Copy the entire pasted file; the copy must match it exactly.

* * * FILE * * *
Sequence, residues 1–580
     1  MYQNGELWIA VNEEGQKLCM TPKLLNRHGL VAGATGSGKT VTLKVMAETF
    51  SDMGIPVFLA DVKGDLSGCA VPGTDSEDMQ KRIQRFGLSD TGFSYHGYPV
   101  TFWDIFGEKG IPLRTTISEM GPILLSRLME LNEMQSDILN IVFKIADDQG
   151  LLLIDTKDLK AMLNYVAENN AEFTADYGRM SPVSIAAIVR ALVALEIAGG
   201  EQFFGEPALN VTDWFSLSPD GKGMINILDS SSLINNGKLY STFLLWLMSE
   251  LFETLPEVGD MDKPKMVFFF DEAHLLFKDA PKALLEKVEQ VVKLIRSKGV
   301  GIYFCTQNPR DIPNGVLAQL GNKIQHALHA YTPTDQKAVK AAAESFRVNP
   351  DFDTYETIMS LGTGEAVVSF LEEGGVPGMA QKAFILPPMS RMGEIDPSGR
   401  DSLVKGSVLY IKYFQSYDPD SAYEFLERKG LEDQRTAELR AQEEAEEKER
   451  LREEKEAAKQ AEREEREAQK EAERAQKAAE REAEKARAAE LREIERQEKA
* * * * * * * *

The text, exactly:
Sequence, residues 1–580
     1  MYQNGELWIA VNEEGQKLCM TPKLLNRHGL VAGATGSGKT VTLKVMAETF
    51  SDMGIPVFLA DVKGDLSGCA VPGTDSEDMQ KRIQRFGLSD TGFSYHGYPV
   101  TFWDIFGEKG IPLRTTISEM GPILLSRLME LNEMQSDILN IVFKIADDQG
   151  LLLIDTKDLK AMLNYVAENN AEFTADYGRM SPVSIAAIVR ALVALEIAGG
   201  EQFFGEPALN VTDWFSLSPD GKGMINILDS SSLINNGKLY STFLLWLMSE
   251  LFETLPEVGD MDKPKMVFFF DEAHLLFKDA PKALLEKVEQ VVKLIRSKGV
   301  GIYFCTQNPR DIPNGVLAQL GNKIQHALHA YTPTDQKAVK AAAESFRVNP
   351  DFDTYETIMS LGTGEAVVSF LEEGGVPGMA QKAFILPPMS RMGEIDPSGR
   401  DSLVKGSVLY IKYFQSYDPD SAYEFLERKG LEDQRTAELR AQEEAEEKER
   451  LREEKEAAKQ AEREEREAQK EAERAQKAAE REAEKARAAE LREIERQEKA